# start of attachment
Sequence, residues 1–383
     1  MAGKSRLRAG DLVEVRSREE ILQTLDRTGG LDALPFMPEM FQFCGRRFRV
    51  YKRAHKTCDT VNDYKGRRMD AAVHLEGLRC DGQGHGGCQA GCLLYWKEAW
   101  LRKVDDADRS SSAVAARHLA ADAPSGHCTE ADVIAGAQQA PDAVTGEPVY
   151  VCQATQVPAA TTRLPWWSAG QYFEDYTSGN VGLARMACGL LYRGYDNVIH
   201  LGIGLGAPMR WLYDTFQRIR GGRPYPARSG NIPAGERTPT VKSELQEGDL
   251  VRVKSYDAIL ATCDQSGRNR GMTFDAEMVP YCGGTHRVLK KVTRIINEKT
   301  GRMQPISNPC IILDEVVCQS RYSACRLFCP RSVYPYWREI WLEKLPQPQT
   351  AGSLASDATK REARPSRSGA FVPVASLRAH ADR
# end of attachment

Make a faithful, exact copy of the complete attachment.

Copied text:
Sequence, residues 1–383
     1  MAGKSRLRAG DLVEVRSREE ILQTLDRTGG LDALPFMPEM FQFCGRRFRV
    51  YKRAHKTCDT VNDYKGRRMD AAVHLEGLRC DGQGHGGCQA GCLLYWKEAW
   101  LRKVDDADRS SSAVAARHLA ADAPSGHCTE ADVIAGAQQA PDAVTGEPVY
   151  VCQATQVPAA TTRLPWWSAG QYFEDYTSGN VGLARMACGL LYRGYDNVIH
   201  LGIGLGAPMR WLYDTFQRIR GGRPYPARSG NIPAGERTPT VKSELQEGDL
   251  VRVKSYDAIL ATCDQSGRNR GMTFDAEMVP YCGGTHRVLK KVTRIINEKT
   301  GRMQPISNPC IILDEVVCQS RYSACRLFCP RSVYPYWREI WLEKLPQPQT
   351  AGSLASDATK REARPSRSGA FVPVASLRAH ADR